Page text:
Abstract: The effects of pretreatment with a seven day course of ciprofloxacin on pharmacokinetics and pharmacodynamics of an intravenous (5 mg) dose of diazepam were investigated in a group of 12 healthy volunteers in a double-blind placebo-controlled crossover study. Ciprofloxacin pretreatment significantly reduced diazepam CL (without ciprofloxacin: 19.5 ml.h-1 kg-1; with ciprofloxacin: 12.3 ml.h-1 kg-1). Diazepam t1/2 was also prolonged (without ciprofloxacin: 36.7 h; with ciprofloxacin: 71.1 h), but volume of distribution was unaltered (without ciprofloxacin: 1.1 l.kg-1; with ciprofloxacin: 1.1 l.kg-1). However, no significant changes were detected in psychometric tests of digit symbol substitution, tapping rate and short memory, as well as levels of concentration, vigilance and tension measured by visual analogue scales.
Abstract: 1. We have examined the metabolism of diazepam by ten human cytochrome P450 forms (CYP1A2, 2A6, 2B6, 2C8, 2C9, 2C19, 2D6, 2E1, 3A4 and 3A5) expressed in HepG2 cells using a recombinant vaccinia virus system. 2. Among the P450 forms tested, diazepam was significantly demethylated by CYP2B6, 2C9, 2C19, 3A4 and 3A5, with 2C19 exhibiting the highest rate at concentrations < 0.1 mM, and hydroxylated only by the latter three enzymes, with 3A5 being the most active. The N-demethylation activity of diazepam by 2C19 at a concentration of 20 microM was six times of that by 3A4. However, that by 2C9 was detected at only a trace level. 3. CYP2C19, 3A4 and 3A5 of the ten human P450s catalysed the 3-hydroxylation of nordiazepam, and 2B6, the 2C subfamily and the 3A subfamily catalysed the N-demethylation of temazepam. CYP3A4 exhibited the highest activity of nordiazepam 3-hydroxylation and temazepam N-demethylation. 4. Diazepam N-demethylation by human liver microsomes correlated with diazepam 3-hydroxylation, but not S-mephenytoin 4'-hydroxylation. 5. Our results suggest that in the human liver, the metabolism of diazepam to nordiazepam is mediated by CYP3A4, which has been reported as the most abundant P450 form in human liver as well as 2C19, which has been reported as a polymorphic enzyme.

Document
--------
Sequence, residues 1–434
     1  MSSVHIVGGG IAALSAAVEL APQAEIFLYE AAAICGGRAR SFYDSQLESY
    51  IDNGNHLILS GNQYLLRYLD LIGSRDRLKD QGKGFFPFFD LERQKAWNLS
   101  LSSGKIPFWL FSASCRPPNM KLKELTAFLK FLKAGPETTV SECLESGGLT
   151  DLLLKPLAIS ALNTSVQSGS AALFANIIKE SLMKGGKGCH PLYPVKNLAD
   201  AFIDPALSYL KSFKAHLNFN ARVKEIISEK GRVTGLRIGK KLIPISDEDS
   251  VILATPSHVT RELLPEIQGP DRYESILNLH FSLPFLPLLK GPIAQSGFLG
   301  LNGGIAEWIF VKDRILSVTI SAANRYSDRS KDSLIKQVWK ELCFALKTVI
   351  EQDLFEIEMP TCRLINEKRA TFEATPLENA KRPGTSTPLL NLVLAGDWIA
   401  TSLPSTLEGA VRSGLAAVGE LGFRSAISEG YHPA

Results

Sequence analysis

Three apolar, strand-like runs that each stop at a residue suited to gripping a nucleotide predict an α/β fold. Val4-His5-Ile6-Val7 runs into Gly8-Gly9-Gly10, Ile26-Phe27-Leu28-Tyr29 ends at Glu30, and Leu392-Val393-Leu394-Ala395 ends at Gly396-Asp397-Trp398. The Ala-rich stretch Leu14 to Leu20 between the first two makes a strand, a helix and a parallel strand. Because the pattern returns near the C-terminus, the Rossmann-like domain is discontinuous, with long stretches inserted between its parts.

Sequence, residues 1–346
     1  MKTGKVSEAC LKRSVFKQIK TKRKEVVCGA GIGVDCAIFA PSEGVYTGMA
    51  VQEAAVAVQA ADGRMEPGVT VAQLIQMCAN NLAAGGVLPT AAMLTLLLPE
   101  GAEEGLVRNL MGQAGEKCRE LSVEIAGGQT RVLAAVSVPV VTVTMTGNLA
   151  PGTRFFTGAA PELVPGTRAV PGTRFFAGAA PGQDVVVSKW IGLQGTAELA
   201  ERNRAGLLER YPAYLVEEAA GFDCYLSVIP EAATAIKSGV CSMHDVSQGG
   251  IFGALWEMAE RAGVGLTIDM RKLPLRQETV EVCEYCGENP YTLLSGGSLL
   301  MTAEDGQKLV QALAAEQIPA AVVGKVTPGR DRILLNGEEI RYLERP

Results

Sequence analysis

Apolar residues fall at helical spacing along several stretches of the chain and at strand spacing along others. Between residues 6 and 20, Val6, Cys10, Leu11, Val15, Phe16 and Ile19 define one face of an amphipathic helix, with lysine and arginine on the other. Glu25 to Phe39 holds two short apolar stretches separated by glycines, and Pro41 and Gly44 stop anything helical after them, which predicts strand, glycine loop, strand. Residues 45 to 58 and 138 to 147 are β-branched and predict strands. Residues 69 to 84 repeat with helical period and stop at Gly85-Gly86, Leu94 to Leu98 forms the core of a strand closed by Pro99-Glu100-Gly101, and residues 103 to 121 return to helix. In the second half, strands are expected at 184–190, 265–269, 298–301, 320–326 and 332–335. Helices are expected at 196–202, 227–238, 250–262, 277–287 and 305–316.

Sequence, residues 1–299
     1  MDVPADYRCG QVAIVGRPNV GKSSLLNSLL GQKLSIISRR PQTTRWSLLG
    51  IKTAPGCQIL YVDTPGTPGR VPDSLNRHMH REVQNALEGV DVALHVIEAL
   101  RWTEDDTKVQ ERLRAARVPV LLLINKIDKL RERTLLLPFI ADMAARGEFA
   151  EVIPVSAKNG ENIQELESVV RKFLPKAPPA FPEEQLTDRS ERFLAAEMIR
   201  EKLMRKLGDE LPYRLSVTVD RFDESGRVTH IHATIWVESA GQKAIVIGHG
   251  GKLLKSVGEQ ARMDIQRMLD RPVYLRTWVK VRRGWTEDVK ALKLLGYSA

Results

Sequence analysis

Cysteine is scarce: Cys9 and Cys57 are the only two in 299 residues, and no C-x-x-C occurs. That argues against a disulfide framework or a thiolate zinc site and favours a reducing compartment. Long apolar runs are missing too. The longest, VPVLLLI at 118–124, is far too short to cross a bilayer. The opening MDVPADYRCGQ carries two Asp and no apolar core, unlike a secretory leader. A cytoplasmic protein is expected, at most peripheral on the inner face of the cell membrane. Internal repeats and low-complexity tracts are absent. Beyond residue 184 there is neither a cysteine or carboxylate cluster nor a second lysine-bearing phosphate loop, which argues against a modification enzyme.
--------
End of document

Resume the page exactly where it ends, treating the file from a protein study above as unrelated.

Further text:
Abstract: The pharmacokinetics of promethazine hydrochloride after administration of rectal suppositories at three dosage strengths and oral syrup were studied. The study had an open-label, randomized, crossover design. At intervals of five to nine days, healthy volunteers were given two 12.5-mg promethazine rectal suppositories, one 25-mg suppository, one 50-mg suppository, or 50 mg (10 mL) of promethazine oral syrup. Blood samples were collected before each dose and at intervals from 0.5 to 48 hours afterward. Promethazine concentration was determined by high-performance liquid chromatography, and pharmacokinetic values were calculated with noncompartmental methods. Thirty-six subjects (18 men and 18 women) completed the study. Absorption was highly variable for all the formulations. On average, absorption was more rapid and the maximum plasma concentration (Cmax) higher for the syrup than for the suppositories. Cmax was significantly lower for the 50-mg suppository (mean, 9.04 ng/mL) than for the syrup (19.3 ng/mL). The time to Cmax (tmax) was significantly shorter for the syrup (mean, 4.4 hours) than for the suppositories (6.7-8.6 hours). There were no significant differences in dose-normalized Cmax among the three suppository treatments. Area under the concentration-versus-time curve (AUC) was comparable between the syrup and the 50-mg suppository and between the treatments with two 12.5-mg suppositories and the 25-mg suppository. Elimination profiles were similar among all treatments (mean half-life [t1/2], 16-19 hours). There were no significant differences in pharmacokinetics on the basis of sex or race. The mean relative bioavailability for the three suppository treatments ranged from 70% to 97%. Individual relative bioavailabilities ranged from 4% to 343%. The pharmacokinetics of promethazine administered in oral syrup and rectal suppositories were highly variable, but, in general, the suppositories produced a lower Cmax and later tmax than the syrup. All formulations were comparable in terms of dose-normalized AUC and t1/2, and the three suppository treatments were comparable in terms of dose-normalized Cmax.